Earlier this month, I posted a blog that took a look at how social media was helping New York win marriage equality. As you know, we won, so I thought I would take a look at the final numbers of some of the hashtags that were used on Twitter for the marriage equality conversation.
In a piece written before the marriage equality vote, I noted that the hashtag #NY4M was tweeted over the course of one week 550 times, then the following week it was tweeted well over 6,000 times.
Now, let's look at how many times #NY4M was tweeted the days leading up to, during, and after the vote (Chart Below).
You can't see the numbers in the green boxes on the chart but June 24, the day the vote took place, #NY4M was tweeted just over 6,000 times. Because the vote took place late at night in New York, you'll see that there is a significant a spike the day following the vote. On June 25, as word spread that New York won Marriage Equality, #NY4M was included in over 13,000 tweets.
I pulled this chart out of BackTweets, a Twitter analytics tool, on June 28, 2011. As of June 28, #NY4M was used in over 25,000 tweets and streamed in over 26 million user's Twitter feeds.
And of course, here's the official Tweet from the @NYSenate Twitter account announcing that the Marriage Equality bill had passed.
Additional Twitter hashtags were used to spark the conversation via Twitter including #inittowinit, #ssm, #equality and #lgbt.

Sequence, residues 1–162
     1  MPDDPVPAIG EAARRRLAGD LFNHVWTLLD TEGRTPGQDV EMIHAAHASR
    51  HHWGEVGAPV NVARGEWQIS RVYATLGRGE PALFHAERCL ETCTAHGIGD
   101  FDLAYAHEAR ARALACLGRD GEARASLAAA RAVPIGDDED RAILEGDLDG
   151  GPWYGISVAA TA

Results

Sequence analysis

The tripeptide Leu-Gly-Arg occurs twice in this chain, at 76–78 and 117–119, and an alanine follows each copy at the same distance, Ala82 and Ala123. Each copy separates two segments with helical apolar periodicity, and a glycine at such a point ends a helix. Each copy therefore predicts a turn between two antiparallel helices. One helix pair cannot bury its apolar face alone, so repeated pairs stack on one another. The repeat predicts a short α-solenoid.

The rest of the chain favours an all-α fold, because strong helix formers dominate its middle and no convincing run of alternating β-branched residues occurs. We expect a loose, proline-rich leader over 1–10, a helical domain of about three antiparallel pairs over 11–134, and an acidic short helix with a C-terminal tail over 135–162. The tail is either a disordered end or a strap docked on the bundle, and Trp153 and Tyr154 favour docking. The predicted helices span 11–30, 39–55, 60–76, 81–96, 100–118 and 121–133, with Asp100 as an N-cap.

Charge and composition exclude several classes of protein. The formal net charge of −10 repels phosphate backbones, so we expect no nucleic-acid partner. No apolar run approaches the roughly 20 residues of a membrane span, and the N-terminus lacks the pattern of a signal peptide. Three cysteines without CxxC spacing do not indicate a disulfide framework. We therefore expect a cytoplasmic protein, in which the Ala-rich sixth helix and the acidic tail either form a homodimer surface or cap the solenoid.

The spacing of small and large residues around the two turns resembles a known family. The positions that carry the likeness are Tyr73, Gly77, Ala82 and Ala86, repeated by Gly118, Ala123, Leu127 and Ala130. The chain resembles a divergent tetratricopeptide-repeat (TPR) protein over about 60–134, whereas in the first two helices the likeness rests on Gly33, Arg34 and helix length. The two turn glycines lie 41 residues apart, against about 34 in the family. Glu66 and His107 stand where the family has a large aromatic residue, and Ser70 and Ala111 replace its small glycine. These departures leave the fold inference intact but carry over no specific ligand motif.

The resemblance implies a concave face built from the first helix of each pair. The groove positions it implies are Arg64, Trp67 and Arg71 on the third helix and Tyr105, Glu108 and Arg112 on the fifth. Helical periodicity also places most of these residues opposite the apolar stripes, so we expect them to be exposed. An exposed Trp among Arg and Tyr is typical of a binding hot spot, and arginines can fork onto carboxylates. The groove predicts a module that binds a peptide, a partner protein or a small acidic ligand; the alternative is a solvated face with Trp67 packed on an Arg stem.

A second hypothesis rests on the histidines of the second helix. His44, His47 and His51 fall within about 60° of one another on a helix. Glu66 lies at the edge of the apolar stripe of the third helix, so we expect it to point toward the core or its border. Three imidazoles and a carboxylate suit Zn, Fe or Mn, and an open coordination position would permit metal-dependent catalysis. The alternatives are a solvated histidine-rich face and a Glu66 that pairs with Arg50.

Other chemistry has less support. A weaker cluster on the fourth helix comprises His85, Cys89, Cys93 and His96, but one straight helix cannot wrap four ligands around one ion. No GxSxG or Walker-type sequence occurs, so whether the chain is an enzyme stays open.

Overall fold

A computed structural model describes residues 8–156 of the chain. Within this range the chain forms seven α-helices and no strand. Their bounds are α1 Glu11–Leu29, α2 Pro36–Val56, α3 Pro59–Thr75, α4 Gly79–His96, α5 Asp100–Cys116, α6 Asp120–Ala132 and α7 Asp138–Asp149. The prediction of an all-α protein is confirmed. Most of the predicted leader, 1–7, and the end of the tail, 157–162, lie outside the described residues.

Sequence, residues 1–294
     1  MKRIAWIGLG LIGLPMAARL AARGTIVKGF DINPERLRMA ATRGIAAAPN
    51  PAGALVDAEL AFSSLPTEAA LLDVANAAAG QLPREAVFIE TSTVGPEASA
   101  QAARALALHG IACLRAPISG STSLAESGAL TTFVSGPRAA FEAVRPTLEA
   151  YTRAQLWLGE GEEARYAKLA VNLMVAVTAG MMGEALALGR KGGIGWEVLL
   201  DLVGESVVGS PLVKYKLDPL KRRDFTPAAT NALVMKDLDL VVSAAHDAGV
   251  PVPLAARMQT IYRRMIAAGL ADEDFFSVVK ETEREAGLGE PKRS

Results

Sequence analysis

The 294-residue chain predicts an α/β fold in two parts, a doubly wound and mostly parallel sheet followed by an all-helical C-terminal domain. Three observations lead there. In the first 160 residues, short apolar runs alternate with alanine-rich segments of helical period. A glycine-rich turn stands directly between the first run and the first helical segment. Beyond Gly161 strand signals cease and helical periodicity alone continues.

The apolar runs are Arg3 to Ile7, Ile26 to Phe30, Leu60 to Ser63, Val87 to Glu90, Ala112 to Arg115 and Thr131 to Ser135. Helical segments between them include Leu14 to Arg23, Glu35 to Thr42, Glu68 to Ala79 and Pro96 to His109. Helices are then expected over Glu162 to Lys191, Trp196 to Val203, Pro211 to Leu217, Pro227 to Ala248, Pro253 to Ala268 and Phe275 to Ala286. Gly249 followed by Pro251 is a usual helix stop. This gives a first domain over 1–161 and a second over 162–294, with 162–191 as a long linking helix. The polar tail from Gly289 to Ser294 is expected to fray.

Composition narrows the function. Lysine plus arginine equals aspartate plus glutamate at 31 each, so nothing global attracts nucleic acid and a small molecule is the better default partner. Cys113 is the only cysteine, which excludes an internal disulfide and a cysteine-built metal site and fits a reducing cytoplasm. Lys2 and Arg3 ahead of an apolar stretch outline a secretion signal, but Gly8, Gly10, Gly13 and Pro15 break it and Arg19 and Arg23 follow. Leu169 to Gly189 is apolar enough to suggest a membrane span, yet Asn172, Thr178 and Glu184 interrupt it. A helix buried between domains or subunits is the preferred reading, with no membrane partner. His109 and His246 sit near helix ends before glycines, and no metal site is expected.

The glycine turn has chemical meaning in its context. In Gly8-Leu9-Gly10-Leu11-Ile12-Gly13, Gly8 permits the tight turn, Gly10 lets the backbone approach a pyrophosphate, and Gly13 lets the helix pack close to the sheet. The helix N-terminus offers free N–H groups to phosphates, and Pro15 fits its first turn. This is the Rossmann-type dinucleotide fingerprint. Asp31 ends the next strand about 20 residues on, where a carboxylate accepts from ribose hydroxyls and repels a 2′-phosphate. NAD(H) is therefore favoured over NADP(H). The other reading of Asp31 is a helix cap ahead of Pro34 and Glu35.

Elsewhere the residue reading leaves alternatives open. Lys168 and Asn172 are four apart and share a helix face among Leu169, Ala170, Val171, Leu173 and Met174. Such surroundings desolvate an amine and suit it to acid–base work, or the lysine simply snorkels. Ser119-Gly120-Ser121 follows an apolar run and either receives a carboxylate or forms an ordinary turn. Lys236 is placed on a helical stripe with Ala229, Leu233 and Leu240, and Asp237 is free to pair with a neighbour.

In the past six days, these hashtags received the following number of Tweets:
• #inittowinit: 687 tweets and ran in 373, 391 Twitter feeds
• #ssm: 10, 394 tweets and ran in over 16 million Twitter feeds
• #equality: 19,840 tweets and ran in over 18 million Twitter feeds
• #lgbt: 34,878 tweets and ran in over 56 million Twitter feeds
Because there's no way to automatically measure the quality of content in a tweet with an assigned hashtag, it's difficult to determine that all of these hashtags were related to the Marriage Equality vote in New York. Often, hashtags, especially #equality and #inittowinit are attached to other content that is not related to the LGBT community.
In addition, sometimes these hashtags are used by anti-gay organizations, like the National Organization for Marriage, in their tweets, making it difficult to decipher the exact percentage of pro- versus anti- marriage equality tweets.
I'm going to assume that a majority of the tweets with the hashtags highlighted above are "pro" since NOM has a variety of hashtags that they use to attract their own target audience.
This is the great thing about Twitter and hashtags - they allow you to obtain bits of information quickly and to follow the conversations that you want to follow. Furthermore, they allow word to spread of great news, like marriage equality passing in New York, faster than any other medium in the world.
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